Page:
When reviewing the best- and the worst-performing technology funds for the five trading days ended Thursday, Nov. 13, the clearest disparity is between first-tier and second-tier telecommunications companies.

The worst-performing fund during the week was the

ProFunds Mobile Telecommunications UltraSector ProFund

(WCPIX) - Get Report

, which lost 32.38% on 150% leverage to the Dow Jones U.S. Mobile Communications Index. Five of its seven member stocks retreated.

Shares of

Sprint Nextel

(S) - Get Report

, which makes up 52.7% of the index, declined 39.1%, smacking the fund pretty hard. Sprint's book of customers shrank by another 1.1 million contracts in the third quarter. Cost cuts from closing employee cafeterias and turning down heaters have not proved sufficient, and Sprint is now offering employees a sweetened

buyout package

of eight weeks' pay plus two weeks for each year of service. Sprint stock has sunk to a level not seen since 1980.

Two other holdings of the Mobile Telecom ProFund include

MetroPCS

(PCS)

, down 14.5%, and

Leap Wireless

(LEAP)

, down 17.0%. These companies just can't compete against the first-tier players with coast-to-coast cellular networks. They are burying the hatchet of prior lawsuits and pairing up to allow free roaming on each other's networks to cover a more-than-300-city footprint in America. Their so-called "nationwide" network fails to cover New York City, Boston or Chicago, potentially expensive omissions to fix.

The second worst-performing fund on the list,

PowerShares Nasdaq Internet Portfolio

(PNQI) - Get Report

, shed 13.07% last week. Shares of its largest holding,

Yahoo!

(YHOO)

, fell 20.1% in the same period. Other shares in the fund that racked up declines were

Bidz.com

(BIDZ)

, which fell 49.2%,

Art Technology Group

(ARTG)

, which fell 30.9%, and

Web.com Group

(WWWW)

, which sank 23.4%. Yahoo! CEO Jerry Yang warned of the worst advertising environment in decades. (For full disclosure, this fund also holds a small quantity of

TheStreet.com

(TSCM)

shares, which slipped 6.9% for the week. TheStreet.com is the publisher of this Web site.)

Also in the double-digit loss column,

PowerShares Lux Nanotech Portfolio

(PXN)

gave up 11.07% as

Altair Nanotechnologies

(ALTI)

,

BioSante Pharmaceuticals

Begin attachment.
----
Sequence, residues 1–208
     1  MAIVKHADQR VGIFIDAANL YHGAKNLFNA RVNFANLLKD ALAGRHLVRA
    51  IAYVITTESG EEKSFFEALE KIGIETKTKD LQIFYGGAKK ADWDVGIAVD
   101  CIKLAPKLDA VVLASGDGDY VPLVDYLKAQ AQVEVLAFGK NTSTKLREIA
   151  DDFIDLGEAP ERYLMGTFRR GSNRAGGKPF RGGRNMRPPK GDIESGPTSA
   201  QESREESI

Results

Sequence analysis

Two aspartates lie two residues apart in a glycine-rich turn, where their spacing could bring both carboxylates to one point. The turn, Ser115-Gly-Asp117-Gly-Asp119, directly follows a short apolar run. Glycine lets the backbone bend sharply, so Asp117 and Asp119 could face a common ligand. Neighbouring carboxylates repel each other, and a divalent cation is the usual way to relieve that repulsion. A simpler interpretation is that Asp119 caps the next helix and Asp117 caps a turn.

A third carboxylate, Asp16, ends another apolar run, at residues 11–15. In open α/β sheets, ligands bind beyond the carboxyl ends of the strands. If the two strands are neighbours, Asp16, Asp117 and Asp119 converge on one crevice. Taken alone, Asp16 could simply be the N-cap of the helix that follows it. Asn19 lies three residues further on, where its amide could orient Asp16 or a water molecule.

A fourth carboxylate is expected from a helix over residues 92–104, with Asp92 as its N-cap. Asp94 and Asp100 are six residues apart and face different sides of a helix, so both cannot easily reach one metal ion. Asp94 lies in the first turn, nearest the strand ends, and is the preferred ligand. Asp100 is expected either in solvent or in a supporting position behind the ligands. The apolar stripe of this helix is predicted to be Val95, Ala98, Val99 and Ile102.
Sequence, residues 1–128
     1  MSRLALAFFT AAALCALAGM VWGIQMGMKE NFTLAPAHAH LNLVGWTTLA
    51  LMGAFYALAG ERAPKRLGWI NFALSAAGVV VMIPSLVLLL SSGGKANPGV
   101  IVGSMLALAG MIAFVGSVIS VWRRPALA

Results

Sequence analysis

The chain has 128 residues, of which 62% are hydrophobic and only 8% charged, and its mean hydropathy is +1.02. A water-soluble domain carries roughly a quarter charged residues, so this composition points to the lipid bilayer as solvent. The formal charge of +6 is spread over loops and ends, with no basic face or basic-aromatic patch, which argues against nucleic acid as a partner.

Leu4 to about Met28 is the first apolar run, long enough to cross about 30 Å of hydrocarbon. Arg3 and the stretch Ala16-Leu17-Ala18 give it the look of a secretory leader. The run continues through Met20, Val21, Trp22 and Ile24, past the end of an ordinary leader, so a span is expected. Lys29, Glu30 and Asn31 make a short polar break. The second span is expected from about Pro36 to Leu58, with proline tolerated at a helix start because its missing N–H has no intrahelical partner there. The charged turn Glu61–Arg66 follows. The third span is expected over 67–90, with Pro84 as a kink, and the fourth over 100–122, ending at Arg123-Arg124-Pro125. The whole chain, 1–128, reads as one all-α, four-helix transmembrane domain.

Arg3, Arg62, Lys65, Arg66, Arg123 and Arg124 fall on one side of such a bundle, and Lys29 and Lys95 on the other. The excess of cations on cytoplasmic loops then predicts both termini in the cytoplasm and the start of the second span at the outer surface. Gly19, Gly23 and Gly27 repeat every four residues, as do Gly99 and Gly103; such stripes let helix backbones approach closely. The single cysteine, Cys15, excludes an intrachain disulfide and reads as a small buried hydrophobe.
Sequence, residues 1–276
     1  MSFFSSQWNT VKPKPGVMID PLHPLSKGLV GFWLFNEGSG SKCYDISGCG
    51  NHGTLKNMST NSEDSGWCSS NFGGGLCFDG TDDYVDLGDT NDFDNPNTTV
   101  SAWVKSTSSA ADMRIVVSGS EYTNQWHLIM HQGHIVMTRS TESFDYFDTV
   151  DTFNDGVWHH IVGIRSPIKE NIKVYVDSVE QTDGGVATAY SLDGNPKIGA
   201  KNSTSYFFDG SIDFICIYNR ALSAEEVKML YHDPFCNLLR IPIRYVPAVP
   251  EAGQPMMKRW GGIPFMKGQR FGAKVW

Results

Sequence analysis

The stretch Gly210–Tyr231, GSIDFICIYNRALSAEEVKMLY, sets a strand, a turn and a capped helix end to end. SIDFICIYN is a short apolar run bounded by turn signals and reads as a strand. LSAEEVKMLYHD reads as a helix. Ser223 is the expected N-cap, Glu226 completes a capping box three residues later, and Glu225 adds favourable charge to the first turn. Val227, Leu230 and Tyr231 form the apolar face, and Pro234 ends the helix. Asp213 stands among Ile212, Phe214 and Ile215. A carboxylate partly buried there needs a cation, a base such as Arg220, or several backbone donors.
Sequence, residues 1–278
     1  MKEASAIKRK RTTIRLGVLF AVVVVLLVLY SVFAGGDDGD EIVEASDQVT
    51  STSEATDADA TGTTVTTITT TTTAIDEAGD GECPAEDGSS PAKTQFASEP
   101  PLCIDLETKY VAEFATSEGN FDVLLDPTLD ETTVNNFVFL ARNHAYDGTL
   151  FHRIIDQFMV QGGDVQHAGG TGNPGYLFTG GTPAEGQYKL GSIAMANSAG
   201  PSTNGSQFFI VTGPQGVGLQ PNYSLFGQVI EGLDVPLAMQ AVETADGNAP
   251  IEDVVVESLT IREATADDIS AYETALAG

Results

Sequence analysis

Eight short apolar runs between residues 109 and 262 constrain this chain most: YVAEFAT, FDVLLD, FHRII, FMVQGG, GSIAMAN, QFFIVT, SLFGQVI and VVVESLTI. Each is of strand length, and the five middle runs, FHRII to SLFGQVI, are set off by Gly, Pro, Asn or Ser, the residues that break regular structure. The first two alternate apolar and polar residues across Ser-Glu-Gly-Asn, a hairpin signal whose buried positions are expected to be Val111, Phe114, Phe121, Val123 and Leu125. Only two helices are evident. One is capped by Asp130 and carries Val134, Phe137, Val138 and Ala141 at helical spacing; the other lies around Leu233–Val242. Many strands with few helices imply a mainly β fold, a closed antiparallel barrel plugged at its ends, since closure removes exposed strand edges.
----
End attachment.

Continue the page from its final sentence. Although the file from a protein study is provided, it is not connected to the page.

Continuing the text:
(BPAX)

and

Veeco Instruments

(VECO) - Get Report

each lost about one-third of their value.

Now for last week's winners.

On the positive side of the ledger,

ProFunds Telecommunications UltraSector ProFund

(TCPIX) - Get Report

rose 8.84% on 150% leverage to the Dow Jones U.S. Telecommunications Index. Shares of

AT&T

(T) - Get Report

, which rose 10.3%, and

Verizon Communications

(VZ) - Get Report

, which gained 6.5%, make up 50.4% and 27.9% of the fund's assets as of Sept. 30. Sprint accounts for only 5.1%, limiting its damage to the fund.

AT&T stands to benefit from excitement over holiday gift giving of

Apple

(AAPL) - Get Report

iPhones,

Nokia

(NOK) - Get Report

6650s and Samsung Eternity phones with AT&T Mobile TV subscriptions.

Verizon has high hopes for the touch-screen BlackBerry Storm from

Research In Motion

(RIMM)

. Verizon is also on the cusp of a 15-year plan to deploy the All-Fiber Fios TV network in Philadelphia. This would be interactive TV with 400-plus channels and thousands of video-on-demand titles including 100 HD channels, a clear shot across the bow of the cable TV providers.

For more information, check out an explanation of our ratings.And for more coverage from TheStreet.com Ratings team, check out TheStreet.com Ratings section.

Kevin Baker became the senior financial analyst for TSC Ratings upon the August 2006 acquisition of Weiss Ratings by TheStreet.com, covering mutual funds. He joined the Weiss Group in 1997 as a banking and brokerage analyst. In 1999, he created the Weiss Group's first ratings to gauge the level of risk in U.S. equities. Baker received a B.S. degree in management from Rensselaer Polytechnic Institute and an M.B.A. with a finance specialization from Nova Southeastern University.